- telling the story. The debris might not be correct with the exact timeframe and/or location, but it helps to clarify that the scene depicts a large battle with many ships and not a skirmish of only 2 ships. It also emphasis the fierceness of the battle and the level of destruction. And it shows aspects of the battle not visible on the ships: sailors in the water and boats in action rescuing them, both friend and foe. I might even put Jeanette in there somewhere. :big_grin:

I do take research seriously, but in the end it has to serve the diorama and not the other way round, at least for me personally. A diorama is to me a visual medium intended to tell a story. And I'm a firm believer in the adage that 'creators are allowed to be inaccurate if the inaccuracy serves the story better than the accuracy would.'

For the same reason, I will also show several moments in time combined: the moment just after Nelson fell while Vic's weather decks were still full of fighting men, and the moment just before Téméraire arrived and Redoutable's men were almost successful in boarding Victory. If I add Jeanette, even though she will just be a tiny detail, she would represent yet another moment.

That said, the more I can get accurate, the better! I want to be inaccurate as little as possible, and if so only consciencely and with purpose and intent, not out of lazyness or ignorance! :big_grin:
So please don't feel like I wouldn't take your input seriously; because I really do! And I love it! Even if I don't follow everything, it always makes me think things out better. :thumbs_up_1:

@ Kurusu: hahaha!!! :big_grin:
Now, that was an ambitious model...

Mike E. wrote:
May I ask how you got that beautiful subtle sea-effect on the surface of the styrofoam insulation?

Please advise.

For this, I used a very specialist tool: :big_grin:
Image

I simply pressed the waves in the styrofoam with it.
I won't be using this base for the actual water (it is only a mock-up to determine the composition), but it would be a good base for adding a sea surface texture on top. For example with Frank Spahr's technique, or Jim Baumann's watercolour paper technique. I learned it from Werner De Keersmaecker; only I think he uses a rolling pin instead?

And many thanks for the nice words everybody! :smallsmile: :cool_1: :wave_1:

Marijn


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PostPosted: Sat Oct 03, 2020 6:59 am 
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You got me perfectly right Marijn, the remark was in no way to tell you off :-)

Even the great picture from Turner cumulates several aspects and timelines of the battle - that is what creates its dynamics!

There are only the 2 stunsails of the mainsail not being used as they tended to shadow the other sails.This means the yard on the main channel belonged to the fore stun´sail, no lower yard for the missing main-stun´sail, but the yard on the main-yard was there for the main-topsail-stun´sails was still needed :-) This said I confirm that in my understanding the other main mast stun´sails were set :-)

All the best, DAniel

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To Victory and beyond ...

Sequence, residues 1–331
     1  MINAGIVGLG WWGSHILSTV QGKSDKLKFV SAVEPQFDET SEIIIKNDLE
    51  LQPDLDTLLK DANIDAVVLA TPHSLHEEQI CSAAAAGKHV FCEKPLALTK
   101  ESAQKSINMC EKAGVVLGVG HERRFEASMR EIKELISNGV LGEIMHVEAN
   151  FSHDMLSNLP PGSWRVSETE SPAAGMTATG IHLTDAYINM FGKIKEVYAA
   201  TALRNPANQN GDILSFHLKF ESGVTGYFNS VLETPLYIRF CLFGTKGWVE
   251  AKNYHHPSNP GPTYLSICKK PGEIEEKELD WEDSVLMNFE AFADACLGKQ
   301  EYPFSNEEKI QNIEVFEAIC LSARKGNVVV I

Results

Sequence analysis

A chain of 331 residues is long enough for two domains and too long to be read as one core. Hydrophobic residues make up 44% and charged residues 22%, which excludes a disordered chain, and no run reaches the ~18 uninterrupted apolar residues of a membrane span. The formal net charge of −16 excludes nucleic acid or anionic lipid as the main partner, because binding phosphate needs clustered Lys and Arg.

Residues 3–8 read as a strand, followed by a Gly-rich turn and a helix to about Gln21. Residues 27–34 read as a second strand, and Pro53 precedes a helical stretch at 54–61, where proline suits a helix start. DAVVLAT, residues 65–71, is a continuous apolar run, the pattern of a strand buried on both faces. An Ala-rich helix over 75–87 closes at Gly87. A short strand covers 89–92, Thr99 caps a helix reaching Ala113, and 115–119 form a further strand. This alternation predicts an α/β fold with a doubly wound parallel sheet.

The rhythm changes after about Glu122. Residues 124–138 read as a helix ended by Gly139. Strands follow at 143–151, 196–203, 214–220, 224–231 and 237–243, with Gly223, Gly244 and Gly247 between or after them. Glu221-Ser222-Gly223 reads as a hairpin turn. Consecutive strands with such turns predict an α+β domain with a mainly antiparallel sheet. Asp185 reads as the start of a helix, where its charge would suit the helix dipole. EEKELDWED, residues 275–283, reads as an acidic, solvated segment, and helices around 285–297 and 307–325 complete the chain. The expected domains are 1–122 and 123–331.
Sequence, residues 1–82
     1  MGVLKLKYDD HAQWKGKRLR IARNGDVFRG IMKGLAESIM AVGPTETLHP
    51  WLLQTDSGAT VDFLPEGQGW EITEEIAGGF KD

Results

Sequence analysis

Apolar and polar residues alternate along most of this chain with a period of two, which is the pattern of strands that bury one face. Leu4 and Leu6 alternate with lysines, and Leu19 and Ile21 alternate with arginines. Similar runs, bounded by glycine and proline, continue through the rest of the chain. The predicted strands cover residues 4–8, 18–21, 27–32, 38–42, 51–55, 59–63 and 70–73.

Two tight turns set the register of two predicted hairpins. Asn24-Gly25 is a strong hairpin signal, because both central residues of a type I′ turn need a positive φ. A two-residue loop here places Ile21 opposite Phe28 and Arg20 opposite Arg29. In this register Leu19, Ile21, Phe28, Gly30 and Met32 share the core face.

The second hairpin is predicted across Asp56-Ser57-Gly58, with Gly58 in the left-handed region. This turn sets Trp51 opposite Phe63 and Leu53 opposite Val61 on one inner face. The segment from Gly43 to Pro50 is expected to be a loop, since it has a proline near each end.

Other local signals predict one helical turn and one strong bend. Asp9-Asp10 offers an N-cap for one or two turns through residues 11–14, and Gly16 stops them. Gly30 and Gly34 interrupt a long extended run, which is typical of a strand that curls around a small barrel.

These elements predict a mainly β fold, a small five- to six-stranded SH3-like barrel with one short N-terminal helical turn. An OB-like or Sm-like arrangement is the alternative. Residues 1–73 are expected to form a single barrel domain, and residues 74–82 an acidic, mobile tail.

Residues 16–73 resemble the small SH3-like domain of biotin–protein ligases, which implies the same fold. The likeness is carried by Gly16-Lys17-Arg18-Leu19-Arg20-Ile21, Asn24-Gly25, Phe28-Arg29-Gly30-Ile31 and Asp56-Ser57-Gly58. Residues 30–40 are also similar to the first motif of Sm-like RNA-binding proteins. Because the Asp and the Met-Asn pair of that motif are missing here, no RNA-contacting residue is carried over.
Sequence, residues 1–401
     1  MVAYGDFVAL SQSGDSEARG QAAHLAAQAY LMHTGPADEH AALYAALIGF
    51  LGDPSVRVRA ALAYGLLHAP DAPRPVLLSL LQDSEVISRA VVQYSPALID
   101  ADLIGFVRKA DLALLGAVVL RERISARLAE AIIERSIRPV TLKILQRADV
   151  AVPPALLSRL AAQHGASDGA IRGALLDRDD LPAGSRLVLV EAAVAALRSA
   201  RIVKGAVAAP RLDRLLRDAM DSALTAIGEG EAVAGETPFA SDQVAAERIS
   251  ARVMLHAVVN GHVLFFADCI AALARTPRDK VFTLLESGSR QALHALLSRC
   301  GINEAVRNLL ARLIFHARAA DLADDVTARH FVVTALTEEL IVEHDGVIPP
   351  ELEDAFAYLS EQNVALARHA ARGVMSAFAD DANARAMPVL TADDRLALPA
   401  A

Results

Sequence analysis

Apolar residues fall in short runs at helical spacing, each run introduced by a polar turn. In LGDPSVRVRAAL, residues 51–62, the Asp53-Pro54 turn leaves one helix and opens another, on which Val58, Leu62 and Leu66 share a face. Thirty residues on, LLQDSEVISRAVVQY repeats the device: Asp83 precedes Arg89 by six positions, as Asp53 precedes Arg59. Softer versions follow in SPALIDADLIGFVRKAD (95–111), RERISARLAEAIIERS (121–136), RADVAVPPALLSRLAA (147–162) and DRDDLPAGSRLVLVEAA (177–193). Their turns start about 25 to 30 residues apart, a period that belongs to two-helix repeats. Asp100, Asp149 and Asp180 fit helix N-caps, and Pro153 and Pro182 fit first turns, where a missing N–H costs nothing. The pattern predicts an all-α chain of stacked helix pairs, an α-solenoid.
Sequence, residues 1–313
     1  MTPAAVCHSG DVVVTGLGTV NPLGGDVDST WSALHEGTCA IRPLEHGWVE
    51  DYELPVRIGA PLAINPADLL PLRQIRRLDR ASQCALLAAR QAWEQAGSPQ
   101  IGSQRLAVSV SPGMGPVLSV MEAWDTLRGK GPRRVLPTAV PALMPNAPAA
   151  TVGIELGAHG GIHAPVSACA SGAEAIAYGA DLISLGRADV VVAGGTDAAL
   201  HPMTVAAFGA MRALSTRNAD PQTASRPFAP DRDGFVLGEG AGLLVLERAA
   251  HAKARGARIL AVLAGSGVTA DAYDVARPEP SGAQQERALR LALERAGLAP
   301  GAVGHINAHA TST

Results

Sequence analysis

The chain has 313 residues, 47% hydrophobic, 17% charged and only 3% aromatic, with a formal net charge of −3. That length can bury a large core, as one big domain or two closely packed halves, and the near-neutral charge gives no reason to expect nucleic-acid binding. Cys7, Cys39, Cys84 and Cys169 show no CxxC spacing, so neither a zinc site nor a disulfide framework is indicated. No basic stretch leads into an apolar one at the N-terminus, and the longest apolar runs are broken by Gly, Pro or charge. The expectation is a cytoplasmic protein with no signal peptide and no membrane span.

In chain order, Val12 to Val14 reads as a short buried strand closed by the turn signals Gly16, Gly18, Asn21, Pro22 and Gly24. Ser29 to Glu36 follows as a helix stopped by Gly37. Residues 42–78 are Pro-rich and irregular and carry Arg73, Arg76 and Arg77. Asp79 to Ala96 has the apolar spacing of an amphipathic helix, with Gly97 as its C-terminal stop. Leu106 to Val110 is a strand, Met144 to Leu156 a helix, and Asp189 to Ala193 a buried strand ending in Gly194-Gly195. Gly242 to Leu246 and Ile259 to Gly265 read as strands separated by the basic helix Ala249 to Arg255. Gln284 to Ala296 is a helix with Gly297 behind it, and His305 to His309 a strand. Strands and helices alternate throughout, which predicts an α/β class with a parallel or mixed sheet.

viewtopic.php?f=59&t=99050&start=60

See also our german forum for the age of Sail and History:
http://www.segelschiffsmodellbau.com


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PostPosted: Sat Oct 03, 2020 7:40 am 
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Impressive-- both the conceptualisation and the researching back and forth

as well as the actual model execution!


its all VERY GOOD STUFF--and decent sourcing of infos.

I am really enjoying following both the build and its research conclusions !!

exciting and dynamic stuff!

I am following, modelling sailing ships at sea is a whole different game to making static models..

==============================================================

I see parallels here in the pros / cons and counter arguments;

==> some readers may recall the back and forth over whether the 2 x lateen sails
on my Mary Rose build could/ should / should not have been ahead of the shrouds down wind etc etc
its was with the inoput and idea bouncing from my e-friends here at MW.com that assisted greatly!


for those interested
from here onwards a few postings back and forth!

viewtopic.php?f=60&t=163736&hilit=hms+mary+rose&start=60#p712155

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PostPosted: Sat Oct 03, 2020 12:33 pm 
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dafi wrote:
You got me perfectly right Marijn, the remark was in no way to tell you off :-)

I know :thumbs_up_1: , but I can be overly careful with these things sometimes... Written text in a foreign language can so easily be misunderstood! :big_grin:

dafi wrote:
There are only the 2 stunsails of the mainsail not being used as they tended to shadow the other sails.This means the yard on the main channel belonged to the fore stun´sail, no lower yard for the missing main-stun´sail, but the yard on the main-yard was there for the main-topsail-stun´sails was still needed :-) This said I confirm that in my understanding the other main mast stun´sails were set :-)

Many thanks Daniel! That's great info! This means I can add the irons and some remains of the stunsail booms on the main yard (and above), but not at the main channels.

Many thanks Jim!
Yes, I remember that discussion (I followed that build with great interest!), and it was a pleasure to read it again now. :thumbs_up_1:
This kind of interaction is what makes this place so great! I'm (almost) the only one in my club building ships, so it so so valuable to be able to be in touch with people from all over the world. Especially if they are as knowledgable, generous and kind as you folks! :thumbs_up_1:

Cheers,

Marijn